We first saw Pittsburgh at sundown, and our first comment was, "Wow!" which we said simultaneously as the City of Bridges' skyline opened up in front of us. We were eager to return downtown in daylight to explore The Point, the triangle formed by the confluence of the Allegheny, Monongahala and Ohio Rivers.
We didn't know about The Strip, but luckily, we talked to the right locals. "Eat at Primanti's," said one. "Walk along Penn Avenue," said another. "Park on Smallman," said a third. All this fine advice led us into the heart of Pittsburgh's produce and flower market. We had to feed four meters in order to park, but there they were in a row, waiting for us and a handful of quarters. We had an hour to discover the Strip. We knew we'd have to keep moving.
"The day I arrived in Pittsburgh, the Steelers won the Super Bowl," said John Vazquez, whose T-shirt concession occupies a prime corner. "The city was one big party. And they've been world champions four times since then." John doesn't sell anything except Steeler gear. Yellow and black are quite enough to keep him in the green.
We wandered on down Penn, admiring the flower stalls and produce displays that have been a feature of the Strip for more than a century. "Let's go in the Pennsylvania Macaroni Company," said Mark. "Maybe it's a pasta factory." We crossed the street, made our way through rows of barrels and wine presses, and found ourselves in Italian heaven. The cheese display was nearly two stories high, and there were more kinds of olives than we ever knew existed. Each aisle drew us to the next, and we found ourselves standing in front of a deli case filled with at least two dozen different kinds and colors of stuffed pasta.
We left with a pound of genuine Italian tortelloni, but not until we'd discussed everything from bargain hunting in Florence to Pavarotti's personality with Ettore Cercone, who's worked at Sunseri's for ten years. He also introduced us to C. R. Nowe, whose relatives own the company. "And here's Bob Sunseri now," said Ettore. Bob and his brother Sal carry on the tradition begun by their father back in 1902. "Or 1903," said Bob. "We aren't exactly sure."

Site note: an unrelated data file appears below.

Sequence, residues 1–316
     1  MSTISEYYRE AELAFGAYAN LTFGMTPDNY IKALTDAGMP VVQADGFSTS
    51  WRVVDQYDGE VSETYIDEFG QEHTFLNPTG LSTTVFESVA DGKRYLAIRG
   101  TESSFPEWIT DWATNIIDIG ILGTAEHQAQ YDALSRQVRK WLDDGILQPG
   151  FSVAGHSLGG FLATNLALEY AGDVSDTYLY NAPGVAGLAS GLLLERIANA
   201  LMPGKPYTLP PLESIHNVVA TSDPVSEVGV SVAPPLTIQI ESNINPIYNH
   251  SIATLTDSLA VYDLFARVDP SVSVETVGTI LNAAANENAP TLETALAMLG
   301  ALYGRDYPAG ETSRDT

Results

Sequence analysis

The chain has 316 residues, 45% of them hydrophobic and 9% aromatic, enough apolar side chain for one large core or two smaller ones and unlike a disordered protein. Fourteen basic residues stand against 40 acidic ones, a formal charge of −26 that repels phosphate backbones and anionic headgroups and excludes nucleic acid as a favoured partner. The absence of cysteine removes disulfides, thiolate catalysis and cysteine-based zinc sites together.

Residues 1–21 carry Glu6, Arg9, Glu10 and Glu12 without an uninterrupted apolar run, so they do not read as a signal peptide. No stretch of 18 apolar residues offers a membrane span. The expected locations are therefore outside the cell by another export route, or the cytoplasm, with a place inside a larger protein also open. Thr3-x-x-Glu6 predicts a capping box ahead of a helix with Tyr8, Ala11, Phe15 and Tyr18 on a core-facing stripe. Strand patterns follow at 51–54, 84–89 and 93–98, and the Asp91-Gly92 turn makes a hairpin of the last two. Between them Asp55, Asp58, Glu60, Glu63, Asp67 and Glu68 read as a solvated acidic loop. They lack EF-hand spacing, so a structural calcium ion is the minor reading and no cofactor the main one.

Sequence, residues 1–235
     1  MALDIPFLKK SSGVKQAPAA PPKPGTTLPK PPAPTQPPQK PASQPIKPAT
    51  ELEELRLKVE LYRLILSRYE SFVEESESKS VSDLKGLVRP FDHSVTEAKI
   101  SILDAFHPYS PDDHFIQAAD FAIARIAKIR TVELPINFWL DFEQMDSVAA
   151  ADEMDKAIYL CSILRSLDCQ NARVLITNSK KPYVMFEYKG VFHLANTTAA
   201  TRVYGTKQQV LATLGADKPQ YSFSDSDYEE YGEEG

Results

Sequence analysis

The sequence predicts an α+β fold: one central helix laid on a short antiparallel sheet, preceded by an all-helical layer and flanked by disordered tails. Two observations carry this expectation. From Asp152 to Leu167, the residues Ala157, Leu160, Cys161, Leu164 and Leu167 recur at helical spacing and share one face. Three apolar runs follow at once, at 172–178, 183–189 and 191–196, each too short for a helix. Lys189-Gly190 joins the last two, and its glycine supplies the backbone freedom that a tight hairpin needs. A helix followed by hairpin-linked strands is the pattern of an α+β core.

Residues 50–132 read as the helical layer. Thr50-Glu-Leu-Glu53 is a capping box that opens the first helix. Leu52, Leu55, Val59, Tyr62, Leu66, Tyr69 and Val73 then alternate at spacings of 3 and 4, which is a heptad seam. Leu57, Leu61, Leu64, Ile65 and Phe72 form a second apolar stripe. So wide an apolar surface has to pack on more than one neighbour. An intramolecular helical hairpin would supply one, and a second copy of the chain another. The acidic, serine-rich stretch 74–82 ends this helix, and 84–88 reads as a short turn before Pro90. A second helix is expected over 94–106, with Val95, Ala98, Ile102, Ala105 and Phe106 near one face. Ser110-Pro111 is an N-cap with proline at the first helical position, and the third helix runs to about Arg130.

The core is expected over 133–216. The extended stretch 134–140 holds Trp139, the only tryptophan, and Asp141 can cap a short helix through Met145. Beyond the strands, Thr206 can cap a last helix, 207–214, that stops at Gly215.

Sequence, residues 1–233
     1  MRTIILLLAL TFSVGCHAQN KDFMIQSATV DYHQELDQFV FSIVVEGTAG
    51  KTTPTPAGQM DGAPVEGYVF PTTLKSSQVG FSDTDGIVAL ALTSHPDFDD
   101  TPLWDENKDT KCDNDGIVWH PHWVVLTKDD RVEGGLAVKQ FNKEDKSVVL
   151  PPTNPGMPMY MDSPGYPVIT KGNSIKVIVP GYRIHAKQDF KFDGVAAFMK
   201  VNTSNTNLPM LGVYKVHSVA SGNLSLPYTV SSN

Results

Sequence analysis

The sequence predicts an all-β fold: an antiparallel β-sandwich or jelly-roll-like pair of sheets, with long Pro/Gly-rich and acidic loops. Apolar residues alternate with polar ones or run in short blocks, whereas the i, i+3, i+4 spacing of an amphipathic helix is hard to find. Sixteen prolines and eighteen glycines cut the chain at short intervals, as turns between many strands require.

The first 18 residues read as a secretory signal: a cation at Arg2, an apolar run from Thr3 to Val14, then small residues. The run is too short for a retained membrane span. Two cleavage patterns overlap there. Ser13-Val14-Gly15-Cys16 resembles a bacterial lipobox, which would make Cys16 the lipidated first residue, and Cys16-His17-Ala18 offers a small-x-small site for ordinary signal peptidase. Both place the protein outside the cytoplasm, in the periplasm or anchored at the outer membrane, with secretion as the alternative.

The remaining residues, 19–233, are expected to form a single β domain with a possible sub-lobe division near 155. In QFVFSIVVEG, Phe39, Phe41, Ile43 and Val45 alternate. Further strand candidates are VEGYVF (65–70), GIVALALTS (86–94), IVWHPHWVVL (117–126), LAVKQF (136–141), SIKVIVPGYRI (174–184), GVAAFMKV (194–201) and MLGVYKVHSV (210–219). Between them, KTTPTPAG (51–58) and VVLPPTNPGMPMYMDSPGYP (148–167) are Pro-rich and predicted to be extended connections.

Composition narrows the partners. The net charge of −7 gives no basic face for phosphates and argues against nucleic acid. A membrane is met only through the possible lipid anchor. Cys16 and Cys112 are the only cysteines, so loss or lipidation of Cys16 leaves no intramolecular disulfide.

Our wide-ranging conversation with Ettore meant that our four parking meters would soon expire, so we headed back to the Phoenix. We got there with five minutes to spare. We were about to drive away when a young man paused on the sidewalk and asked, "What's RoadTrip America?"
The answer resulted in our finding out about another dimension of the Strip that's hidden from the casual visitor. Bernard Uy invited us to drive two blocks and visit Wall-to-Wall Studios, the graphic design and marketing firm he owns with his partner James Nesbitt. Wall-to-Wall moved to the Strip in January, 1995. "We started out in my apartment," said Bernard, "And that's where the name 'Wall-to-Wall' came from. We needed more space right from the start." Recently, Bernard and James opened an art gallery dedicated to featuring the work of young Pittsburgh artists, and they're also on the board of PUMP, the Pittsburgh Urban Magnet Project. "We're a group of young business owners who are tired of having our friends move away from Pittsburgh to find jobs and lives," said Bernard. "We want to encourage people to stay."
We wanted to stay longer ourselves, but as always, the road beckons. We'll be back, though. We still haven't eaten at Primanti's.